In this chart the position of the chief executive is in the centre of concentric circles. Positions of equal importance are located at the same distance from the centre on the same concentric circle. The lower levels are away from the centre. The chief advantage of this presentation is to show the flow of formal authority from the chief executive in many directions. The drawback of this presentation is that this may create confusion in the minds of the viewer.

Term Paper # 4. Principles Followed in Organisation Charts:

Principles to be followed in the preparation of organisation charts are:

(a) Organisation Charts should be Simple and Flexible:


They should be as simple as possible to make it easily intelligible to the reader. Further it is to be designed in such a way to permit periodic modifications that may be necessary in tune with the requirements of the situation.

(b) Title:

The name of the company and of the component chartered should be indicated in the title. This is to be placed in the right-hand top corner of the chart. On the lower right corner date of issue, date of issue of the chart it replaces and the name of the issuing authority with his signature are to be given.

(c) Consistency:

Consistency should also be maintained in lining the chart. Based on the availability of space horizontal or vertical lining may be used. The lining combinations used should be standardised for easy reading and for good layout.

(d) Chart Boxes:


Several standard size chart boxes are to be selected and to be used consistently usually a rectangular box is used. The box should contain the name of the function and the name of the position.

(e) Numbering:

Decimal system is to be used for numbering charts. Assign a whole number for each function and its subdivisions decimals of the whole number. To identify chart boxes use appropriate decimal notation.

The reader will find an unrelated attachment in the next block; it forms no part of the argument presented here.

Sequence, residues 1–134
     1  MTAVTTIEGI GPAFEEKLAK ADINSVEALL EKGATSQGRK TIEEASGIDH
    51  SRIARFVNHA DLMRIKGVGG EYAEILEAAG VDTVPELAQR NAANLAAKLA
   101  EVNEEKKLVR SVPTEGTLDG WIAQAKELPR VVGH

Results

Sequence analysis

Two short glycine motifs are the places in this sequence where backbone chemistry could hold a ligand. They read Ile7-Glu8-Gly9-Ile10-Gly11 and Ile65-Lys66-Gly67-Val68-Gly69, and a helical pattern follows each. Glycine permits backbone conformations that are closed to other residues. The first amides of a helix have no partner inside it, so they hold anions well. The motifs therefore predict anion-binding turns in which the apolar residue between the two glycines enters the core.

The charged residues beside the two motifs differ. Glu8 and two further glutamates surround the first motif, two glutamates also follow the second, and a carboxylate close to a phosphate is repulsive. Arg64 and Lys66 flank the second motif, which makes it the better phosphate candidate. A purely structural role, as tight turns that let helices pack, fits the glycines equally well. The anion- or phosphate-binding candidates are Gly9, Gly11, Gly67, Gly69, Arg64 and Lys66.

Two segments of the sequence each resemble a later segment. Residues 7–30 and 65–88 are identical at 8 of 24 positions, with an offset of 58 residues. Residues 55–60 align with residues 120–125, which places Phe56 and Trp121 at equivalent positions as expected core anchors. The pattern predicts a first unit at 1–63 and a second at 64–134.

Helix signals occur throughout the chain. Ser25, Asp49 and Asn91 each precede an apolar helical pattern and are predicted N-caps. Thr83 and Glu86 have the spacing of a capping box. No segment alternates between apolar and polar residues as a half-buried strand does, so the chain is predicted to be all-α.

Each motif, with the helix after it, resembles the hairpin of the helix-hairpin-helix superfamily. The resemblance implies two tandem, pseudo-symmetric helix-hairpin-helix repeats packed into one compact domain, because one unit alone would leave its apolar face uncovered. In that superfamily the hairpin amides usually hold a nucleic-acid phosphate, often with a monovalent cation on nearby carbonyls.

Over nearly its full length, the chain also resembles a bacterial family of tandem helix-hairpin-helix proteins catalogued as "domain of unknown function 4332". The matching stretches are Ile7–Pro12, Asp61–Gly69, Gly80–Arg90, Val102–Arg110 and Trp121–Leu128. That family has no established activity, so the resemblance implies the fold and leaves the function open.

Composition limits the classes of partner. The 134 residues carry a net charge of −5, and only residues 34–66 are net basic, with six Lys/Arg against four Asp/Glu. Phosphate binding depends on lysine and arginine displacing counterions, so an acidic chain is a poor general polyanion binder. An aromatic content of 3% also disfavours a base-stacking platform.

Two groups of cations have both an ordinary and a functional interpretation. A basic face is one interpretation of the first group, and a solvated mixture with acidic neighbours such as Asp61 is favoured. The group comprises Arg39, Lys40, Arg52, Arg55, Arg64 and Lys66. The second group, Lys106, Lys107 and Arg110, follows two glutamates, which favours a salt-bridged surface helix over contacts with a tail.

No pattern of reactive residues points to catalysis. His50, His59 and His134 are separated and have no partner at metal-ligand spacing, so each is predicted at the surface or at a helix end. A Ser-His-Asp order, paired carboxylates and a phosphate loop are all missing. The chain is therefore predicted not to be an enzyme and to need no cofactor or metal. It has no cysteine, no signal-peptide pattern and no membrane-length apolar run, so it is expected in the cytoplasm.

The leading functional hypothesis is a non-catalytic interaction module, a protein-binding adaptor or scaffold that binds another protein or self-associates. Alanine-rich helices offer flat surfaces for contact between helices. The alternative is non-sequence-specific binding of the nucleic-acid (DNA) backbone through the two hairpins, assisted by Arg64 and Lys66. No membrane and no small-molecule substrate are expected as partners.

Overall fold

(f) Lines of Authority:

Both the superiors and subordinates should observe the lines of authority for transmitting orders and reports both down­wards and downwards.

(g) Definite Lines of Position:


Line of position of each individual should be very carefully defined Avoid over lapping and no two persons be placed at the same position specially when their authorities and responsibilities are different. Similarly, same duty should not be assigned twice. Further none should be compelled to serve two masters in the same relation of answerability.

Term Paper # 5. Merits of Organisation Charts:

Organisation charts are the road maps for decision making and it is used as a training device for those who would learn how a company is organised.

Its merits are:

(a) It is a position guide and it is graphic presentation of who is responsible to whom and who has authority over whom. As a management tool it provides a broad picture positions of authority and authority relationships in the organisation structure.

(b) It facilitates in understanding the tone and character of the organisation and it develops a co-operative attitude among employees by educating them about their organisational relationship.

(c) It prevents overlapping and duplication. It acts as a guide to managers. It facilitates the training of new recruits in organisational relationships.


(d) It provides guidance to outsiders and educates them about the organisation.

(e) It provides a basis of planning of organisational change.

(f) It provides a framework for classification and evaluation of personnel and their promotion. It facilitates proper flow of communication.

Term Paper # 6. Limitations of Organisation Charts:

(a) Charts introduce bureaucratic rigidity in the formal relationships.

(b) It is difficult to revise the chart and keep it update. Updating is difficult as it involves lot of time and money. So it results maintaining status quo which resists change. It lacks a realistic approach.

(c) Very often charts show relationships which are supposed to exist rather than what actually exist in the organisation. So charts are tend to be idealistic rather than realistic.

(d) Charts suffer from over simplification as they fail to show how much authority an individual can exercise and how far he is responsible.

(e) Charts may cause confusion and misunderstanding among organisation members. It may also create feelings of superiority and inferiority resulting in conflict among members.

(f) They only depict formal relationships and are in capable of giving any idea about informal relationships which play a crucial role in the organisation.

(g) A chart cannot indicate how much authority exists at any position in the organisation or how much responsibility is allocated to each level.